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 Howe school

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marydale



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Join date : 2009-01-29

PostSubject: Howe school   Thu 29 Jan 2009, 1:16 pm

One of the recent arguments for why Howe School is to be closed is the representation that the building is historic and that renovations/additions would cost three times the price of new construction.

In fact, Howe School, is not an historic designated building at either the local, state or federal level. And as a point of information the national cost average for adaptive reuse of older properties is one and one half times the cost of new construction, not the stated three times.

So whether renovations occur at Howe or any at Central Park, the budget for modifications on a square footage basis would be comparable. But the existing locations, and the prevailing community perception of safety, are in no way comparable.

Such distracting and inaccurate representations suggest an executive decision not an open, deliberative, process.

Renovations of operating schools require scheduling potentially disruptive heavy construction during summer recess. Compartmentalized internal renovations, on a phased basis, permit the unaffected portions of the school to continue its normal teaching schedule. New additions typically occur outside the building envelope and can therefore occur during the normal academic calendar.
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Rob



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Join date : 2009-01-28

PostSubject: Re: Howe school   Thu 29 Jan 2009, 1:51 pm

Is this true? Is this going to happen whether we like it or not?
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Admin
Admin


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Join date : 2008-10-29

PostSubject: Re: Howe school   Thu 29 Jan 2009, 6:09 pm

A: The facts are we: have been prevented from doing any work there without meeting the regulations governing historic buildings so I am not sure what you are referring to. Also, the last time we did work there, the cost was astronomically more than less historic buildings. That notwithstanding, the second reason that prohibits us from building at Howe is we would have been forced to close the building while building over the existing structure. That is, assuming it would even be permitted.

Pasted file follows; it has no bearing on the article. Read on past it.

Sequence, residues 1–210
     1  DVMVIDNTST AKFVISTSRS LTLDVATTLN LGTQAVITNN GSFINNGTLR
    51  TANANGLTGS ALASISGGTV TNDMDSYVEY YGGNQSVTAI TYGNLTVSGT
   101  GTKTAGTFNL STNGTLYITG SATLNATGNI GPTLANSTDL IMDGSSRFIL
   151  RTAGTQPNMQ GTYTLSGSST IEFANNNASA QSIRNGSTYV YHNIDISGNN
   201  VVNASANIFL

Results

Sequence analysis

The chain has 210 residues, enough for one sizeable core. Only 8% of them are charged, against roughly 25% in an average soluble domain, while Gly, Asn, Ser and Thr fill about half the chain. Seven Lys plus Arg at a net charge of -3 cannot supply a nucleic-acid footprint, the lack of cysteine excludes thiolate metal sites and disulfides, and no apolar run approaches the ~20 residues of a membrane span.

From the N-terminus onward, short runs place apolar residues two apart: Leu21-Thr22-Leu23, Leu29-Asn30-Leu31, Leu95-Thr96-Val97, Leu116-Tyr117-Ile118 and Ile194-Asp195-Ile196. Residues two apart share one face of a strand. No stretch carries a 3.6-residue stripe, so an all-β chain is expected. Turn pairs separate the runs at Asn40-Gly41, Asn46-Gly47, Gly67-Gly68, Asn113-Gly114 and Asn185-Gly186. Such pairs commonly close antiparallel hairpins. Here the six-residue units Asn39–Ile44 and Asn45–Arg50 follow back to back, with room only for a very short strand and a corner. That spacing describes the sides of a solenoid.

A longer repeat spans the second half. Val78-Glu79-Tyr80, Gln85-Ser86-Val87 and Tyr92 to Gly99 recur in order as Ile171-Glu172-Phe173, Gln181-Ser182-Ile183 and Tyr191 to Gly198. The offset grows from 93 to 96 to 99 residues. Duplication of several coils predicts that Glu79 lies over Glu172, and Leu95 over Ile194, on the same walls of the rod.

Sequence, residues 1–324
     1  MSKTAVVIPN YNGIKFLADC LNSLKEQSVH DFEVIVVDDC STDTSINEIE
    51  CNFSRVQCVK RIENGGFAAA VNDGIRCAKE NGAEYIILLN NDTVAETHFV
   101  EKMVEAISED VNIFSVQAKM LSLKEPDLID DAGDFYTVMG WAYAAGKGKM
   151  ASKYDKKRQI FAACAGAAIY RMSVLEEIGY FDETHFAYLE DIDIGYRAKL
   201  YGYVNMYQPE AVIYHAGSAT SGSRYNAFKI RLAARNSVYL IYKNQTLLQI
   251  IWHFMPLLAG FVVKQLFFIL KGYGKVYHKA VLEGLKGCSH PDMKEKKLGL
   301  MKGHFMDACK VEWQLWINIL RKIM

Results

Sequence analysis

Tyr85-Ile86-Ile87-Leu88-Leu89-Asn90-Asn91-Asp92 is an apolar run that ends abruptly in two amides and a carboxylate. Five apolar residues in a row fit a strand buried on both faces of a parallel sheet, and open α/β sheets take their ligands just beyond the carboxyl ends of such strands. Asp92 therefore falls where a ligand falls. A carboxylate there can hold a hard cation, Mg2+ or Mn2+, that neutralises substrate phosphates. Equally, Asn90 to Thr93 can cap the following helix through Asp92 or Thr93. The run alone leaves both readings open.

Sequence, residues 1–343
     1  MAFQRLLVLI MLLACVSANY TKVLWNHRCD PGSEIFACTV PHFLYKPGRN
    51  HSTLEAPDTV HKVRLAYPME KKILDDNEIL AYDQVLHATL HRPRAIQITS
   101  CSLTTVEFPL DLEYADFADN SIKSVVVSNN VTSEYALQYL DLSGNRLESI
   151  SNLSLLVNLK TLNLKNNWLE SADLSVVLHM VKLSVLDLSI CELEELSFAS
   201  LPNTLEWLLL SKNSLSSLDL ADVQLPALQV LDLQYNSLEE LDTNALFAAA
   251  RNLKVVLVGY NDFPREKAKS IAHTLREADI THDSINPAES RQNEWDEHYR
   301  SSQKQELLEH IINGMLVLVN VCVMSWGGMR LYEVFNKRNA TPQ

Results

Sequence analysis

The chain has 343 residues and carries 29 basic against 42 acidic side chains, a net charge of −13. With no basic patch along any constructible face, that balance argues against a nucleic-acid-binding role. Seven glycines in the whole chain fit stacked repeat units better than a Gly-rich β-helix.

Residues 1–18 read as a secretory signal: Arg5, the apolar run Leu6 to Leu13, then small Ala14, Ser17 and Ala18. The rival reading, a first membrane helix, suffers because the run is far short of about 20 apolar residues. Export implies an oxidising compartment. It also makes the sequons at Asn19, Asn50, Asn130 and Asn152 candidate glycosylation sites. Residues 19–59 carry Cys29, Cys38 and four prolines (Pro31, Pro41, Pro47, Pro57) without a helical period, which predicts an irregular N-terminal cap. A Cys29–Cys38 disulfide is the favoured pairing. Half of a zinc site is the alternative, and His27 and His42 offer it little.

Again this is a proposal not a done deal. Obviously we are getting a lot of input from all corners and there are strong feelings both ways. Ultimately a decision will be made sometime in the next four to six weeks on how the district will proceed with this proposal.
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marydale



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PostSubject: The implications that renovations to Howe would be uniquely burdened by historic restrictions is misleading.   Wed 04 Feb 2009, 3:21 pm

The involvement of SHPO, (State Historic Preservation Office), in any modification to Howe does not single out that Howe School is "historic". In fact, SHPO is required by law to provide oversight to all schools where Federal or State monies are being used for renovations.

The process, if Federal dollars are involved, is called the 106 review process. If State money is utilized it is called the 1409 review process.

SHPO reviews funded architectural school designs for general cultural and historic compatibility. but does not require rigid compliance to the Department of Interior Standards.

The implication that renovations to Howe would be uniquely burdened by historic restrictions is therefore misleading.
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PostSubject: Re: Howe school   Thu 05 Feb 2009, 1:22 pm

marydale wrote:
The involvement of SHPO, (State Historic Preservation Office), in any modification to Howe does not single out that Howe School is "historic". In fact, SHPO is required by law to provide oversight to all schools where Federal or State monies are being used for renovations.

The process, if Federal dollars are involved, is called the 106 review process. If State money is utilized it is called the 1409 review process.

SHPO reviews funded architectural school designs for general cultural and historic compatibility. but does not require rigid compliance to the Department of Interior Standards.

The implication that renovations to Howe would be uniquely burdened by historic restrictions is therefore misleading.

A: Unfortunately these rules drive costs up very significantly. For example, when the district wanted to replace old and broken windows at Howe several years ago, we were forced to have wooden windows made by hand to resemble the original building’s windows to preserve the historic appearance. The cost was very high. Additionally, there are other more critical issues around space and the accessibility that made building onto the Howe facility not an option.
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PostSubject: Re: Howe school   Today at 8:41 am

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